Islamism has been on the rise throughout Southeast Asia since the late 1980s. Both the nature of its growing social and political influence and the political implications of its rise, however, have differed markedly across the states that comprise the region. The aim of this symposium is two-fold: first, to explore the different manifestations of Islamism and its impact in both Muslim-majority states (e.g., Indonesia and Malaysia) and Muslim-minority states (e.g., Philippines and Thailand); and second, to provide a comparative perspective so as to stimulate discussion among scholars with different regional expertise. The symposium thus highlights two panels of renowned experts on Southeast Asia, followed by a keynote address on the future of Islamism in the Middle East and North Africa (MENA) by one of the most prominent scholars of the MENA.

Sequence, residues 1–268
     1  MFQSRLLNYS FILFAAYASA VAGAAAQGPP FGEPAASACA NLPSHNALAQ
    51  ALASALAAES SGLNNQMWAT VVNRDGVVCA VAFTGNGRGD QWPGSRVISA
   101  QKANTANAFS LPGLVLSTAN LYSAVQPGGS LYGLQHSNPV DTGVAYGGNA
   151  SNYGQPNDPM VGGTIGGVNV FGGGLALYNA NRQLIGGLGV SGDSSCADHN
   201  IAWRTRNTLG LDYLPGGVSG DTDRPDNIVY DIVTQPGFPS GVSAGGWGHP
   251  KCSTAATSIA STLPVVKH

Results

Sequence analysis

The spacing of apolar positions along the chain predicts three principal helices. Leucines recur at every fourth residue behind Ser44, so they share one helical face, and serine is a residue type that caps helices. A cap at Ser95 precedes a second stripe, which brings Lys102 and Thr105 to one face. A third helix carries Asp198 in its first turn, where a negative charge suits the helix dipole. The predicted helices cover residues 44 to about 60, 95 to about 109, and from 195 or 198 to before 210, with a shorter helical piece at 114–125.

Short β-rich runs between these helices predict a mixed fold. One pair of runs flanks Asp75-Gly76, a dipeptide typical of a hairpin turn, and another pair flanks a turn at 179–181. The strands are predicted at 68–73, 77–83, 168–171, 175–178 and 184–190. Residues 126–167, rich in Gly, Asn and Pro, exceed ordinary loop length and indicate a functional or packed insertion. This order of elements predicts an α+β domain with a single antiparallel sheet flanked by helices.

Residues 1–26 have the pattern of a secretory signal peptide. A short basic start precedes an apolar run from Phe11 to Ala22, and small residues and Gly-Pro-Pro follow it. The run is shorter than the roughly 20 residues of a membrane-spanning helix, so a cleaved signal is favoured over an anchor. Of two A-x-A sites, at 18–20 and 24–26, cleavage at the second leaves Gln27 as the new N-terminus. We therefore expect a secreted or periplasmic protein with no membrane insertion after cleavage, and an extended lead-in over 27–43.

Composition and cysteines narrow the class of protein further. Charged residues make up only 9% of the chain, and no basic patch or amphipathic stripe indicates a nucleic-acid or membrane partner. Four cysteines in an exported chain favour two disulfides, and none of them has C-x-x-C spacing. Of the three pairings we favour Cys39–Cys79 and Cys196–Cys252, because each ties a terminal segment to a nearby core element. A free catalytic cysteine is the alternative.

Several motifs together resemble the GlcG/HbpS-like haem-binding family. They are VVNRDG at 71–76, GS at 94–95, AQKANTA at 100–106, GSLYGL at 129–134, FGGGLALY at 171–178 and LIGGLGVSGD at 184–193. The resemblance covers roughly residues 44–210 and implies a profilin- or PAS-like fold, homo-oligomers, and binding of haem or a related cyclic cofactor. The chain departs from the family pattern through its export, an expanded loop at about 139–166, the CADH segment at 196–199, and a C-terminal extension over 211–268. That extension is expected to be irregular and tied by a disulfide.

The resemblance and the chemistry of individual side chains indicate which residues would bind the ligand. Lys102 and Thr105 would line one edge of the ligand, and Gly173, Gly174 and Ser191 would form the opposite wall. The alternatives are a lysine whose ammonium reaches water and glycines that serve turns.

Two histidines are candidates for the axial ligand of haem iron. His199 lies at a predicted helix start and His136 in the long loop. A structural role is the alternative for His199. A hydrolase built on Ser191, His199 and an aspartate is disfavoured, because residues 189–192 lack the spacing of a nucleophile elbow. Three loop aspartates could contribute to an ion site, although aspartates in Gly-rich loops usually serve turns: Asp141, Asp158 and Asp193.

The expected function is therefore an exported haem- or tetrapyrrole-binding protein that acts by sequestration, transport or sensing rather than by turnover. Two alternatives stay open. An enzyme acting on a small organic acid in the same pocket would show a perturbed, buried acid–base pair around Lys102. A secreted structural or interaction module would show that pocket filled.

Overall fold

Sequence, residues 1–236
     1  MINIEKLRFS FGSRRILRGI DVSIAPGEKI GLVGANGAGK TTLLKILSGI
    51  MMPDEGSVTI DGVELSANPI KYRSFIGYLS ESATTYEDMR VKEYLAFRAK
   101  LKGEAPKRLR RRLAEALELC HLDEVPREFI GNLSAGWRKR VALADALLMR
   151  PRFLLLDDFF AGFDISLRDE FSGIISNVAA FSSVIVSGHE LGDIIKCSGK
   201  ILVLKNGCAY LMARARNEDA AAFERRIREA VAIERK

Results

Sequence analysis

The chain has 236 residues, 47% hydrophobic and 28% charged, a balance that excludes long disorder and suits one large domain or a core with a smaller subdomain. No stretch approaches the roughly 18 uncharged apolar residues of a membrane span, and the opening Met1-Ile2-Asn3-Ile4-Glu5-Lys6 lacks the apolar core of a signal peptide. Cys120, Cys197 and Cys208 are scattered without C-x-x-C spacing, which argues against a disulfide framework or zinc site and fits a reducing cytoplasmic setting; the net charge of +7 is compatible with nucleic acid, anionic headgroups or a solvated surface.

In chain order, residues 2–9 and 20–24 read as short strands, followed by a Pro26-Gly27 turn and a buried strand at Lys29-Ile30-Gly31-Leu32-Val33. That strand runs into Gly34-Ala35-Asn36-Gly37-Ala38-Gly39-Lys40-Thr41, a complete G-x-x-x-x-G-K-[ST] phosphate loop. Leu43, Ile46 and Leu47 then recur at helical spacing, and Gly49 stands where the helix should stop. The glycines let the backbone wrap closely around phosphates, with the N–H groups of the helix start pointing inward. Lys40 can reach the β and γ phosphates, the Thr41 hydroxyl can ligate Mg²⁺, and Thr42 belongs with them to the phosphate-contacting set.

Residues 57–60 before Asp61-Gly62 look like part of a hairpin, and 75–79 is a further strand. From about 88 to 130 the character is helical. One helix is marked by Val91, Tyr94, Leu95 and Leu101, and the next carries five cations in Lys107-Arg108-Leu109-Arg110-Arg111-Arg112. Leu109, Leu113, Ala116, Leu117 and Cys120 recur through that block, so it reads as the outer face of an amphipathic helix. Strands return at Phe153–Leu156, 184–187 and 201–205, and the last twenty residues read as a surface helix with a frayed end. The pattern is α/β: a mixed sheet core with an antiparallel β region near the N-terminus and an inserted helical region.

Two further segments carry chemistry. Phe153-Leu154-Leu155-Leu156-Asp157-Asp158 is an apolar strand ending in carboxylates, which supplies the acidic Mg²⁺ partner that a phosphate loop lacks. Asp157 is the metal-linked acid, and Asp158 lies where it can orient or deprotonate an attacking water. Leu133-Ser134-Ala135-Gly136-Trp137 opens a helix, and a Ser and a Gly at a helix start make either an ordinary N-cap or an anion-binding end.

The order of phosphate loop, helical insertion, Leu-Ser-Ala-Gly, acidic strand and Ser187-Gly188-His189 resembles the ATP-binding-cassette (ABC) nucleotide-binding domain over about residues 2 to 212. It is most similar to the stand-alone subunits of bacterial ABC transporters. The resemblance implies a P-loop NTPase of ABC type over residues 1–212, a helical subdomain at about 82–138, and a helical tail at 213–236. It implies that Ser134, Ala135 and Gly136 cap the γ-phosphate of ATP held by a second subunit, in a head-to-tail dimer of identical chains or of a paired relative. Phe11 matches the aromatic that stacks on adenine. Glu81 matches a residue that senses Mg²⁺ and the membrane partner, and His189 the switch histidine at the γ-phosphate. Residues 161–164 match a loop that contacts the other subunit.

Intro 9:15 - 9:30 a.m.
Dr. Pauline Jones Luong, Islamic Studies Program Director
Panel 1: 9:30 a.m. - 12 p.m.
Electoral Politics in Muslim Majority States
Chair: Allen Hicken, Department of Political Science, U-M
Kikue Hamayotsu, Northern Illinois University
Thomas Pepinsky, Cornell University
Meredith Weiss, SUNY
Panel 2: 1 - 3:30 p.m.
Political Mobilization in Muslim Minority States
Chair: Pauline Jones Luong
Joseph Chinyong Liow, Nanyang Technological University, Singapore
Duncan McCargo, University of Leeds
Joel Selway, Brigham Young University
Break: 3:30 - 4 p.m.
Keynote Address: 4 p.m.
Islamism in the Middle East and North Africa: Between Domination and Rejection
Dr. Marina Ottaway, Senior Scholar; Wilson Center, Middle East Program
Discussant:: Terence Gomez, University of Malaya (Visiting Scholar, CSEAS, University of Michigan)
Sponsored by: Main Sponsor ISP, Co-sponsors CSEAS, WCED